Football reunions are nothing new. Birmingham City’s promotion squad from ten years ago will reconvene this summer, members of Wolves’ two League Cup final winning sides were back together in March and even long-forgotten Third Lanark, Paddy Buckley and all, had a bash recently. But we think this one was extra special.
It wasn’t organised by commercial staff with the idea of giving corporate customers a night out. And there certainly won’t be any profit shown. The only paying guests at this one were the players themselves.
It was a private do, with no fans, and with a suggestion that name tags should be worn. No wonder……in some cases, this was a first meeting of old team-mates for half a century.
When John Doughty had the idea of reassembling his old team-mates, he wasn’t sure it would actually come off. So he counselled the opinions of Jim Barron and Fred Kemp and feelers were put out. The feedback encouraged him to go further.
And the enthusiasm for his ‘project’ was reflected today when the group – calling themselves the last of the Cullis Cubs – arrived at Doughty’s Codsall home for afternoon tea, prior to watching the FA Cup final there and then moving on to Molineux for dinner at the stylish Sir Jack’s restaurant.
Among those present, in addition to Barron and Kemp, were the likes of Freddie Goodwin, Graham Hawkins, Terry Wharton, John Galley and Clive Ford. Phil Parkes joined them later and there was a collective bated breath as to whether Peter Knowles would show.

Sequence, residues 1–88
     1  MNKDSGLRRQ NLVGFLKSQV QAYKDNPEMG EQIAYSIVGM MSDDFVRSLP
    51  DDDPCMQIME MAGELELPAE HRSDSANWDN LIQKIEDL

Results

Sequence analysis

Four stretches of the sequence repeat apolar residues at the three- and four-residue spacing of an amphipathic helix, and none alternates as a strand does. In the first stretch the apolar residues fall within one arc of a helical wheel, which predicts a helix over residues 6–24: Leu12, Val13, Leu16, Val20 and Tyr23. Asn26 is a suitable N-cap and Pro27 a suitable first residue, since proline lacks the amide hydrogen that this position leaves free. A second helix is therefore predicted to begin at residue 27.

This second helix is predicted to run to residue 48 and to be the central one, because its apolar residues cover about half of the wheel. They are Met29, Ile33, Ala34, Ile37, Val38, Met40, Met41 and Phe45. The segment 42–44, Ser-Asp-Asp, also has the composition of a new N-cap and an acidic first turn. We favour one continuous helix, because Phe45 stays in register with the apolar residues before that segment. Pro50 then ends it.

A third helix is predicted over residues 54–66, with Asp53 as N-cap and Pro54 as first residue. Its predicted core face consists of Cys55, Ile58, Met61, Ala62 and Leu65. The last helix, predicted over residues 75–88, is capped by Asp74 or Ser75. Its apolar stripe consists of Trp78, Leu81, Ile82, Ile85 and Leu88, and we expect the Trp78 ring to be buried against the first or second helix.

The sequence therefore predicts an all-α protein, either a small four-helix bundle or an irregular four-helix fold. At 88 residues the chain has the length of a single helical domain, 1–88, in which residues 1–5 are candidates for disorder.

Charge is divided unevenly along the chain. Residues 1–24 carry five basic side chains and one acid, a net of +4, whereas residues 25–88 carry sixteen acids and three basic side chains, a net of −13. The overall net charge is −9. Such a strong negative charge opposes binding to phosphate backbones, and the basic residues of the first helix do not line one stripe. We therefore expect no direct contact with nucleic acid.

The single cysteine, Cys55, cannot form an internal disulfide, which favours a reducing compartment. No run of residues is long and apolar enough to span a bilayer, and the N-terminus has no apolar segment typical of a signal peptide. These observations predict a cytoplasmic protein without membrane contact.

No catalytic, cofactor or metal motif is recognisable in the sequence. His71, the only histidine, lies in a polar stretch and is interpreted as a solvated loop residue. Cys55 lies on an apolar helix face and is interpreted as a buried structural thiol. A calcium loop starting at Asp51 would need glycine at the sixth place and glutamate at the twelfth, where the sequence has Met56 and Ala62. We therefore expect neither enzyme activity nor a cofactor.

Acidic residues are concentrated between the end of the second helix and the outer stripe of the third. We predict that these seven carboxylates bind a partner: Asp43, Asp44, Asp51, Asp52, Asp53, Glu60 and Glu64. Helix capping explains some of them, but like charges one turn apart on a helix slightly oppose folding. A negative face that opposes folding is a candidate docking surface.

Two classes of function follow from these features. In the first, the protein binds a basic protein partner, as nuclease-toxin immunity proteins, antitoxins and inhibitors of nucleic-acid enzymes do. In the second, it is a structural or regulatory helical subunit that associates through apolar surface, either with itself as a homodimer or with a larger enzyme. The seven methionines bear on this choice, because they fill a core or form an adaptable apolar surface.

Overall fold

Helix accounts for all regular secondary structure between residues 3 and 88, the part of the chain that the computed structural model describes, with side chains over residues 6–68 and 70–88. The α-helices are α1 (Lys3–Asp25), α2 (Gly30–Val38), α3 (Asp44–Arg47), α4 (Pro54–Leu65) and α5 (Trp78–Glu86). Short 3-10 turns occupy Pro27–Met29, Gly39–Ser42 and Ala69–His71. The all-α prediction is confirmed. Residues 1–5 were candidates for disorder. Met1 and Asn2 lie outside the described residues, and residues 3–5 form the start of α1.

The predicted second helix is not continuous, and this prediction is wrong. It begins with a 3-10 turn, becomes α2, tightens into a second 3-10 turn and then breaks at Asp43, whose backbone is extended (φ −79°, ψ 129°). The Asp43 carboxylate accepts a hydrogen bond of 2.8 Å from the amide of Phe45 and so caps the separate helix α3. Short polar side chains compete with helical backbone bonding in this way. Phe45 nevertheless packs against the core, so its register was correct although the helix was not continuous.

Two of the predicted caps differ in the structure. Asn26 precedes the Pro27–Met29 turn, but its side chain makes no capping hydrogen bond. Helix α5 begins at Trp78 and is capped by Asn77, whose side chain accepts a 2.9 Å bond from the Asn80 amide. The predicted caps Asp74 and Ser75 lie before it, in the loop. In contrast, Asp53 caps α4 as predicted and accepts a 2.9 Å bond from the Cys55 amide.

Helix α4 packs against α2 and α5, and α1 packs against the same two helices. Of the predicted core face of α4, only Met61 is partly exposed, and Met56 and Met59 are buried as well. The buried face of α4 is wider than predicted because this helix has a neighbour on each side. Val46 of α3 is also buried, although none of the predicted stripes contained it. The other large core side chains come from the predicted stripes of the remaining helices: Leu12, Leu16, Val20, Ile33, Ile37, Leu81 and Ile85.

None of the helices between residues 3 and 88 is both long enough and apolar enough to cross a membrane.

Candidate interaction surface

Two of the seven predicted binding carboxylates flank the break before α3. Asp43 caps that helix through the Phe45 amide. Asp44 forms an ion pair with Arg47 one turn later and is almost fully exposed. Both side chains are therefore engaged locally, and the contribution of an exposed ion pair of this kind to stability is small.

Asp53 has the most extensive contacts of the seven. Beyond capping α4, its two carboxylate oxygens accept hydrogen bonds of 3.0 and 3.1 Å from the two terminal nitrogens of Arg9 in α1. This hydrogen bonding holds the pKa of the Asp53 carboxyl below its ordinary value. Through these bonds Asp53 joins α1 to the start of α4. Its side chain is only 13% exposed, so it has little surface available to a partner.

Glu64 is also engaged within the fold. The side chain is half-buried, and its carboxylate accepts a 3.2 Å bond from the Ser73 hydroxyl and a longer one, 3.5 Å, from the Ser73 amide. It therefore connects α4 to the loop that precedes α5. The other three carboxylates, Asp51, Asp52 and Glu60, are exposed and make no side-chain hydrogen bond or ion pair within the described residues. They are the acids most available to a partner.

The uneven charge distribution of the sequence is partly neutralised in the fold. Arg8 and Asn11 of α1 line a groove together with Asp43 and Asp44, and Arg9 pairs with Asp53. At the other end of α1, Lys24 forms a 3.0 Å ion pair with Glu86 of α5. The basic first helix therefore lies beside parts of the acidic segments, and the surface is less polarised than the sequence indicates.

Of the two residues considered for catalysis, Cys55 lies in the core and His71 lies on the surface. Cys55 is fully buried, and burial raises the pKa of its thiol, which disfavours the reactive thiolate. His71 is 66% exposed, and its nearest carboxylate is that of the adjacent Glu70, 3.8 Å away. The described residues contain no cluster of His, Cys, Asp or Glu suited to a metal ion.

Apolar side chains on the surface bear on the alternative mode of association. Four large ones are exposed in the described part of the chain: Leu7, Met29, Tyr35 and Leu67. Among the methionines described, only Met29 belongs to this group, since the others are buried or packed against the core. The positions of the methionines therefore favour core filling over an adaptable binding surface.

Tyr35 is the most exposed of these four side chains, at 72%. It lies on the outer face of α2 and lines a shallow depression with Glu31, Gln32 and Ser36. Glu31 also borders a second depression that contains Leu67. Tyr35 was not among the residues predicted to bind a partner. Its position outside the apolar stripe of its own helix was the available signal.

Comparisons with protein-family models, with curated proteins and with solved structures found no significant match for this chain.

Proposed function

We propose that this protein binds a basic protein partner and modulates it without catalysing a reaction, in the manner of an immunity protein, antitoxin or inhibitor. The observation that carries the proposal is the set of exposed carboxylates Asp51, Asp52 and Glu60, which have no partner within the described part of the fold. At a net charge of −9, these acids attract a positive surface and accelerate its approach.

Thanks to the wonders of Skype, Vancouver-based Les Wilson spoke to many of his former colleagues in turn and at length before the big game between Chelsea and Liverpool kicked off. So, too, did Laurie Calloway, from Des Moines in Iowa.
But this wasn’t an occasion to celebrate anything they achieved in their handsome first-team careers. It was marking an event from their fledgling years…….the club’s feat of reaching the 1962 FA Youth Cup final.
The take-up of places was almost unanimous, although David Woodfield didn’t make it and Ken Knighton was bitterly disappointed to have to cry off because of family commitments.
Such was the spirit of the group that Kemp flew back early from a stay in Majorca to be here and Goodwin, despite having been in Wolverhampton only five weeks ago, went to the trouble and expense of jumping on a plane from his home in France. Other journeys were hardly a breeze either. Ford lives in Cumbria, Vic Povey in Cornwall and Ray Aggio in Hertfordshire.
In his circular, Doughty – an inside-forward who played in the early rounds of the 1961-62 Youth Cup – wrote: “It is 50 years since the club played Newcastle United in the final and the plan was to meet at five on the fifth day of the fifth month exactly five decades on. Then, bugger it, I heard the FA Cup final was kicking off at 5.15pm, so I propose we convene instead at 3pm. But, hey, after 50 years, what’s a couple of hours between friends?”
Gordon Roberts, John Southall, Graham Newton and Terry Thompson – lads who fell short of the Cullis first team – were also present for the reunion.
Having played a part in the organisation process, notably with finding players now scattered in various parts, we at Wolves Heroes were fortunate enough to be in attendance.
We will be bringing our readers a full account and photographs tomorrow. And talking a little about Peter Knowles……